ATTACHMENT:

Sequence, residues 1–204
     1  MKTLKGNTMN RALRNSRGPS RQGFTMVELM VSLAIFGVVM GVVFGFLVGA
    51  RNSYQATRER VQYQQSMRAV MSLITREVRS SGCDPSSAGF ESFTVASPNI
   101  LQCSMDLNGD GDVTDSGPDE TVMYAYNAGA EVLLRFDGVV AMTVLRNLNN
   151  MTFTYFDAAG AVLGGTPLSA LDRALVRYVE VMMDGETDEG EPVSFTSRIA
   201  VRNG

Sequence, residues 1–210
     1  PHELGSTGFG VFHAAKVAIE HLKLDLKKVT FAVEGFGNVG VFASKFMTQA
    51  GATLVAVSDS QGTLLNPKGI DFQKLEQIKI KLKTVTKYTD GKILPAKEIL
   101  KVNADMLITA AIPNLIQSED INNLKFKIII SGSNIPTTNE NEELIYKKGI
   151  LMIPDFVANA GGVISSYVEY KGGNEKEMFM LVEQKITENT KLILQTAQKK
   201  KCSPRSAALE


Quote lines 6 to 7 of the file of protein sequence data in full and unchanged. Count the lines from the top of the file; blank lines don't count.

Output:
   201  VRNG

Sequence, residues 1–210